The cake display at The Cheesecake Factory

Now finally the eating is over and before you must roll your distended stomach to the parking lot the bill must be navigated. This is another entirely daunting experience as a foreigner.

What you're paying for depends entirely on where you are and how many people are at the table. Some states have sales taxes, some have health care stipends for the staff, some may charge for the boxes or plastic bags you are taking home. Large groups will usually have a flat service charge (ie. tip) included so read carefully. Otherwise the bill you are paying does not include the tip and you must now decide what to pay.

Philosophy on tipping is hotly debated in the US but being clear - service staff are not paid a fair living wage in America and tipping is taxed and considered part of their salary. Forgetting to tip or choosing not to tip is punishing a minimum wage worker who is not responsible for the system. Standard amounts range from 10% to 25% and the choice is left to you as a customer to decide what is fair for the service you received. 15-18% would be considered a normal amount for standard service in California. One of the benefits of a large family restaurant is that they will often include a guide on the bill for how much a 15 - 20% tip would be so that you don't have to do the maths yourself. Rounding up to an even amount (ie paying and odd number like 17% to reach a $20 or $50 multiple) is perfectly acceptable. You can pay the tip and the bill with your credit card, we usually pay the bill on a card and pay the tip in cash. This ensures that the server will receive their tip immediately rather than having to have it processed through the accounting system but does require you to carry small bills. If you receive very poor service and wish to comment on this with your tip leave $1 rather than no tip; this signifies that you have not forgotten the tip but wish to make a statement.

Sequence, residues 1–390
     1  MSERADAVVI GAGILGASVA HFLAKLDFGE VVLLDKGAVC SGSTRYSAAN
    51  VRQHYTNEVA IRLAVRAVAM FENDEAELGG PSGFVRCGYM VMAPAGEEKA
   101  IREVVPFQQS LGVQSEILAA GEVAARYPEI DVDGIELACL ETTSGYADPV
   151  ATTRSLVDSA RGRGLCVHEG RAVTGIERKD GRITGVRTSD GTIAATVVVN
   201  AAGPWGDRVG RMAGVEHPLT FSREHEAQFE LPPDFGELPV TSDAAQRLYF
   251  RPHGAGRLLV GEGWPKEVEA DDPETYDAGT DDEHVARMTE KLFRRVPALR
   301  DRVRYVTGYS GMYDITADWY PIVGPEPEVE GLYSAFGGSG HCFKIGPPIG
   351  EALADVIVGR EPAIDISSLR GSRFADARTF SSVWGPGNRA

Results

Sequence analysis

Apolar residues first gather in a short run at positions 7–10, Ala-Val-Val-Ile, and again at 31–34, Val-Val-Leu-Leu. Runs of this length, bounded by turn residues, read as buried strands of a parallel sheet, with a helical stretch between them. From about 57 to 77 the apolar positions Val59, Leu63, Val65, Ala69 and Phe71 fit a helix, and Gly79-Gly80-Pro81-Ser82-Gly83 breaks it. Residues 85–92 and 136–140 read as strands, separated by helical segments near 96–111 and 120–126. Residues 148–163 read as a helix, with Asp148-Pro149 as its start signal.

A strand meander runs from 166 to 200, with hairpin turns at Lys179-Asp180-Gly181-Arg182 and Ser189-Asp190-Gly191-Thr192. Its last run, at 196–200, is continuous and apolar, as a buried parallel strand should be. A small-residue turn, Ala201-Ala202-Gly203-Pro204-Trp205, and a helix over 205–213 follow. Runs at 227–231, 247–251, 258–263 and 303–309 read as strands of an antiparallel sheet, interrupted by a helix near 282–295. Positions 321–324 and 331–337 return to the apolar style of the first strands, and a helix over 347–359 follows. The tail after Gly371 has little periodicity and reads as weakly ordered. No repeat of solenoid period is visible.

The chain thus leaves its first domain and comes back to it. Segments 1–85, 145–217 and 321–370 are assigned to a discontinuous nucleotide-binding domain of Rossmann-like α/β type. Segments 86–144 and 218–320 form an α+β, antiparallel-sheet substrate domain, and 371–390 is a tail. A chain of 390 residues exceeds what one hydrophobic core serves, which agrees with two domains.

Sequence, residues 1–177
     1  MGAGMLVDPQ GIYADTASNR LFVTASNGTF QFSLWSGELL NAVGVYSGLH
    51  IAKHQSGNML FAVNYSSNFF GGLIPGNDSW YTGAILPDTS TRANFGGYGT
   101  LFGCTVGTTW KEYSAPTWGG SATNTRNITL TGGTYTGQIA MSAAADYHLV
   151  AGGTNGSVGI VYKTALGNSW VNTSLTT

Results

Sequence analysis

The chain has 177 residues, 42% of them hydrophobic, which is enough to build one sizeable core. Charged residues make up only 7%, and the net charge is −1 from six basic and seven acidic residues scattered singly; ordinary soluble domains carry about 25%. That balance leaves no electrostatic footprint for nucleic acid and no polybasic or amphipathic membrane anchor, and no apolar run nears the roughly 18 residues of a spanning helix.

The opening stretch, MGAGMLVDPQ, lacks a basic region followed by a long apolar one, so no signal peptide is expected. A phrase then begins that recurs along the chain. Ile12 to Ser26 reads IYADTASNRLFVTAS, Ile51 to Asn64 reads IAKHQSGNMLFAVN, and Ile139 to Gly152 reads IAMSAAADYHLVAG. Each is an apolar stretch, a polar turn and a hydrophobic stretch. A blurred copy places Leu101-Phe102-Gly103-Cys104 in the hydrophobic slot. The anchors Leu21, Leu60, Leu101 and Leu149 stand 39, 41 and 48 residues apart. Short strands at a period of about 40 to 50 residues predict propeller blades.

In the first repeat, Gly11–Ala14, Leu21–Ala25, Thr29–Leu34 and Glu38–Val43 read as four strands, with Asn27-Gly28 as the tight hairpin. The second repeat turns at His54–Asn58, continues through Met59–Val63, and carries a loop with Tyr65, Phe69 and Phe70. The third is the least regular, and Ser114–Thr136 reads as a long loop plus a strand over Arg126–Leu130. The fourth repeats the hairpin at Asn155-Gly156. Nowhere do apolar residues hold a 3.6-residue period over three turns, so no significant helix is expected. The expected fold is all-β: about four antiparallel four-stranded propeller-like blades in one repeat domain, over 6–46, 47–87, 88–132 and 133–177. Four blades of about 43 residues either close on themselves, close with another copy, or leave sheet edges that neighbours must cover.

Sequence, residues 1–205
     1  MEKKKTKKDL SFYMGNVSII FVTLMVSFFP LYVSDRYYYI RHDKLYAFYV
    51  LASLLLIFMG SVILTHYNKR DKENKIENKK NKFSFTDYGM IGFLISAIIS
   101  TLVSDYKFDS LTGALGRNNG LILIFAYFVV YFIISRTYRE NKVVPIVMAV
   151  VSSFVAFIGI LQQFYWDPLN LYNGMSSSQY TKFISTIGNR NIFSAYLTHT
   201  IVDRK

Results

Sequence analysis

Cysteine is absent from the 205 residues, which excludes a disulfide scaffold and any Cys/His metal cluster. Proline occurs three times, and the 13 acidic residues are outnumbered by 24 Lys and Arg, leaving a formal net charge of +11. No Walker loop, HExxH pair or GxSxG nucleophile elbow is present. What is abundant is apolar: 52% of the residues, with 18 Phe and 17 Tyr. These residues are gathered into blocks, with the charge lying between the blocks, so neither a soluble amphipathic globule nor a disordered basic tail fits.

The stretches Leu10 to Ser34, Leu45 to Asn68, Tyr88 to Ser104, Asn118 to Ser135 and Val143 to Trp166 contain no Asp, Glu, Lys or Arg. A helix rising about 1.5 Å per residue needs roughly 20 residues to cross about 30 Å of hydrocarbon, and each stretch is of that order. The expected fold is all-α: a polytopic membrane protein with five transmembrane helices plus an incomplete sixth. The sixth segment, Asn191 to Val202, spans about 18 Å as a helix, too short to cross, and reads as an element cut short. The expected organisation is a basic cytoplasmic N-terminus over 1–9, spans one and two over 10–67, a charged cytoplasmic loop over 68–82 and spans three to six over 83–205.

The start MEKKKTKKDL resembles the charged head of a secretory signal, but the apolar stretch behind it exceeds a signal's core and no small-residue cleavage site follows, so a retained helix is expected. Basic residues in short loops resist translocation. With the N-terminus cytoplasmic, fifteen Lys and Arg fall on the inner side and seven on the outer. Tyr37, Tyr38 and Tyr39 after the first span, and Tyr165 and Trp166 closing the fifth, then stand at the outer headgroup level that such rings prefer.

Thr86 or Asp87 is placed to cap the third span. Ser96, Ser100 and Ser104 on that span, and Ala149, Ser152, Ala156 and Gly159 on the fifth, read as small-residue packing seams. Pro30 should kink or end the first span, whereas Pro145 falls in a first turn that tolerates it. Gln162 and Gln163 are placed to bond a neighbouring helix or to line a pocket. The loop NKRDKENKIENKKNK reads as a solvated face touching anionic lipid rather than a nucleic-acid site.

Unlike Australia there is no concern about bill splitting; choosing to pay on multiple credit cards is no problem. In a large group this can be very useful if you wish to split the bill between 4 or more people or if corporate travelers are trying to stay under a per diem. Just tell the server how much of the bill to charge to each card. Once the credit bill is signed or cash is left you may leave this in the payment folder on the table and exit the restaurant.

The Good and Bad of Family Restaurant Eating

At the end of the day these restaurants are popular and common for a reason. They are the ultimate in lowest common denominator eating. Comfortable food, comfortable surroundings and comfortable service are the aim of the game.


  • You can guarantee a familiar experience and menu across many locations in many states making it a good choice for travel
  • Close to tourist sites in easy walking or driving distance
  • Unlimited refills on soft drinks are a boon after a hot day walking in the sun or around a convention floor
  • Clean, efficient facilities like bathrooms and car parks are better than waiting in line at conventions or theme parks
  • Low calorie and allergy options abound 
  • Budget friendly food - $20-30 per head ensures an abundant amount 


  • Encourages over eating or food wastage
  • Interactions with many unnecessary staff - usually 6+ people involved in delivering your dining experience